SINGAPORE - The Land Transport Authority's (LTA) review on which companies can operate shared personal mobility devices (PMDs) and bicycles in Singapore has been delayed again, the second time this year.
LTA said on Monday (Sept 30) that this is because it is consulting device-sharing and rental companies on additional regulations to improve public safety, although it did not say whether this was due to the recent spate of PMD-related accidents.
The authority noted that there have been suggestions to implement locally developed trackers to monitor the speed and location of PMDs, but that these need to be studied further.
While such technology exists, LTA said there are implementation difficulties, including ensuring that the speed-tracking device is tamper-proof, as well as ensuring the accuracy of the location data recorded.
The Straits Times reported on May 31 that the LTA had delayed its decision on the PMD-sharing operator licences from the second quarter of the year to the third quarter.
LTA had said in an e-mail then: "We regret to inform you that the results of the PMD-sharing licence will be delayed, as LTA requires more time to review imposing additional requirements on licensees to ensure the safety of users and the general public. This is in the light of recent incidents of reckless riding and accidents involving PMDs."
Twelve operators are currently vying for sandbox licences to operate shared-PMD services, which will see each licensee running a small fleet of up to 500 e-scooters.
They include existing players, such as local start-ups Neuron Mobility and Telepod.
There are also newcomers such as Omni Sharing, whose owners also own troubled bike-sharing firm oBike, and Moov Mobility, which was granted a sandbox licence to run bike-sharing operations here.
Singapore-based start-up Beam, one of the operators vying for sandbox licences, said on Monday that it was disappointed with the review delay and hopes it will be short.
A company spokesman said: "We hope that LTA will conduct meaningful consultations to address any concerns that have not been raised during the eight-month evaluation process.
"In Singapore, a Beam ride will ensure that every e-scooter complies to the regulated standards and that each rider is tracked and exposed to safe riding information before they step on a vehicle."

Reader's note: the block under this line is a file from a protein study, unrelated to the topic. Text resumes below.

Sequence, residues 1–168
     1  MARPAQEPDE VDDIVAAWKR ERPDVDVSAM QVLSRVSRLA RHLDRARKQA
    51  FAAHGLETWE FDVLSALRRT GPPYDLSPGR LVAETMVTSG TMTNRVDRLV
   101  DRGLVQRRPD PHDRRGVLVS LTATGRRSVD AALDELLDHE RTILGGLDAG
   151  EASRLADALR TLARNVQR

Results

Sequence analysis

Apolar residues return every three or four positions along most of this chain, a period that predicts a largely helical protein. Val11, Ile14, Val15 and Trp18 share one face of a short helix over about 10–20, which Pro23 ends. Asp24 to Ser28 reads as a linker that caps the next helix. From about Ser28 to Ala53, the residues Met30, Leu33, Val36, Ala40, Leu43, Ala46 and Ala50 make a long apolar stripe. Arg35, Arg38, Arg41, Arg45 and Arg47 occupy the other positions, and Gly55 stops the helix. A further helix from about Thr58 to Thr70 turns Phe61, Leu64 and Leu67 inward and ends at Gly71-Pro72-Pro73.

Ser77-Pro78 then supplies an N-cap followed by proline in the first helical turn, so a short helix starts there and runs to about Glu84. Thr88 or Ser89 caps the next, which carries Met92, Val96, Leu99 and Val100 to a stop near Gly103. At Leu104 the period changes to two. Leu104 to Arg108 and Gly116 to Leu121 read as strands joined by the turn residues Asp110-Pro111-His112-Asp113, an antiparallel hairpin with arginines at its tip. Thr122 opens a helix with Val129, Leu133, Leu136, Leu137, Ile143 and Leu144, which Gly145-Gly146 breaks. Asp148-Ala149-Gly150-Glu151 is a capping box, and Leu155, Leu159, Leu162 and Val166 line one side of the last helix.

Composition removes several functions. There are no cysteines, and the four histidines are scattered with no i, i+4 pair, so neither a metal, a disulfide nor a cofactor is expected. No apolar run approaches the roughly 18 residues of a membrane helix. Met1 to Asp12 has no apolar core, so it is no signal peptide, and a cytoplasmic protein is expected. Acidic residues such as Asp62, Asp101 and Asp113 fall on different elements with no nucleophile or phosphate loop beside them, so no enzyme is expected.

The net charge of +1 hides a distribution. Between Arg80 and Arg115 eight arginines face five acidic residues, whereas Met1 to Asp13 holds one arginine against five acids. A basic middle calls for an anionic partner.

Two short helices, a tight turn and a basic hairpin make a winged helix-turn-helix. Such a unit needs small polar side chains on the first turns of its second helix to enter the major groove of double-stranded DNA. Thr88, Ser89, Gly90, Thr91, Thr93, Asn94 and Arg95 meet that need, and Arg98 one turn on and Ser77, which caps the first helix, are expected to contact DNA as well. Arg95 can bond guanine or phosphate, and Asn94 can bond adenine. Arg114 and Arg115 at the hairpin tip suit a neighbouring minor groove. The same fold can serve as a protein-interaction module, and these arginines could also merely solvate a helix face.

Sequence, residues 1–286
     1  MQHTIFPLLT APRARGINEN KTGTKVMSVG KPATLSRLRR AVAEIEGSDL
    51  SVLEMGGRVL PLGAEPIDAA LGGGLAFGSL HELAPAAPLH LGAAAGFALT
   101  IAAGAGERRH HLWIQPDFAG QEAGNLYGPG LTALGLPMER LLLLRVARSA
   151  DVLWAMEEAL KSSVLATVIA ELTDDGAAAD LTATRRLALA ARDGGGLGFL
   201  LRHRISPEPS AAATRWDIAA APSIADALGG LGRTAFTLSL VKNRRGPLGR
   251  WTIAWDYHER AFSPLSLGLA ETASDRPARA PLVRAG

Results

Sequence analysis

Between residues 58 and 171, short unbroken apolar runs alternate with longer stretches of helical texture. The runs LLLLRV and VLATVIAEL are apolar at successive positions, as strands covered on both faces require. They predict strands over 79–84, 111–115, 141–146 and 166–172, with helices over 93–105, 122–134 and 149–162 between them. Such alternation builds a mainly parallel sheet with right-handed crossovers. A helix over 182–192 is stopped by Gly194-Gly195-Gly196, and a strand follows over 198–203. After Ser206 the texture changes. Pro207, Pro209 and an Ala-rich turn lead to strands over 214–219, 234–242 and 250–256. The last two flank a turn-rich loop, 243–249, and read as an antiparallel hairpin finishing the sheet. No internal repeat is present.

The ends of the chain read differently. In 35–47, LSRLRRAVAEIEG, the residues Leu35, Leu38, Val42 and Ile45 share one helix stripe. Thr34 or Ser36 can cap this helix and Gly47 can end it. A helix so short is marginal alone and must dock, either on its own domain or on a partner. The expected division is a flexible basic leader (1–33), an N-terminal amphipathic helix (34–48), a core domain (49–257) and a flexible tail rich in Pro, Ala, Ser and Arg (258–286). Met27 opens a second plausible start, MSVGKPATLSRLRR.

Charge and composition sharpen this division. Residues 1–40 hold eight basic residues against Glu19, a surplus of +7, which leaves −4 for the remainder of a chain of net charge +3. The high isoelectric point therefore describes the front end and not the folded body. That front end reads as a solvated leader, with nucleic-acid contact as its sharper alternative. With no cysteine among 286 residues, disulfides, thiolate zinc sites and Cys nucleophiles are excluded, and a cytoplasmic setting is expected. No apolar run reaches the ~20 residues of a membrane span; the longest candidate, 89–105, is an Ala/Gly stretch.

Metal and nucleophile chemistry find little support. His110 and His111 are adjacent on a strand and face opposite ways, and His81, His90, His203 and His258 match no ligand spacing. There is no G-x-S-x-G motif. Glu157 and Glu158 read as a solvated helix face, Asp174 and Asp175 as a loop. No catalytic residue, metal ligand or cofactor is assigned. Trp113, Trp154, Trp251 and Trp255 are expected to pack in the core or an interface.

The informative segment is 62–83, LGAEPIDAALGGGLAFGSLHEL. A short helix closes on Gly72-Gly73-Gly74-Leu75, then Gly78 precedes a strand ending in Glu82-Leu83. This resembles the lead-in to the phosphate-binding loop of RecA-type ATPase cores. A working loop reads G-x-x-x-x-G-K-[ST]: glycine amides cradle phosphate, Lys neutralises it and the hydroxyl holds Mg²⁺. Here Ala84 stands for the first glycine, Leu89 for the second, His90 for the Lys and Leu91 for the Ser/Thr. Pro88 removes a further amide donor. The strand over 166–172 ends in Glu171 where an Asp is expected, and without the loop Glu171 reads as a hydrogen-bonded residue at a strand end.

Another licence applicant, Anywheel, said it understood LTA's position as e-scooters are quite new here.
The company's spokesman said: "Every new device needs 'education' time for the public to be familiar with its safety (aspects) and the correct way of using it. Anywheel has always tried - to the best of its knowledge and financial ability - to make the device as safe as possible."
Omni Sharing said it will continue to pursue the licence and work on its e-scooters' safety measures in the meantime.
In its latest statement, the LTA did not say whether the consultation on safety regulations for PMD- and bicycle-sharing companies was prompted by the Active Mobility Panel recommendations issued last Friday.
Among the suggestions was that PMD users should be at least 16 years old, and that they must also pass a theory test before they are allowed on public paths.
The recommendations come after many PMD-related accidents.
There were 228 reported accidents involving PMDs on public paths in 2017 and 2018, with 196 of them resulting in injuries.
Of these, there was one death - a PMD rider who skidded and died from his injuries.
There were also 32 cases which involved major injuries, such as concussions or fractures.
Last Tuesday, a 30-year-old man died in hospital after he fell off his e-scooter in Tanah Merah Coast Road.
The next day, Madam Ong Bee Eng, a 65-year-old logistics assistant packer, died after she was seriously injured in an accident involving her bicycle and an e-scooter in Bedok on Sept 21. She had been in a coma at Changi General Hospital's surgical intensive care unit.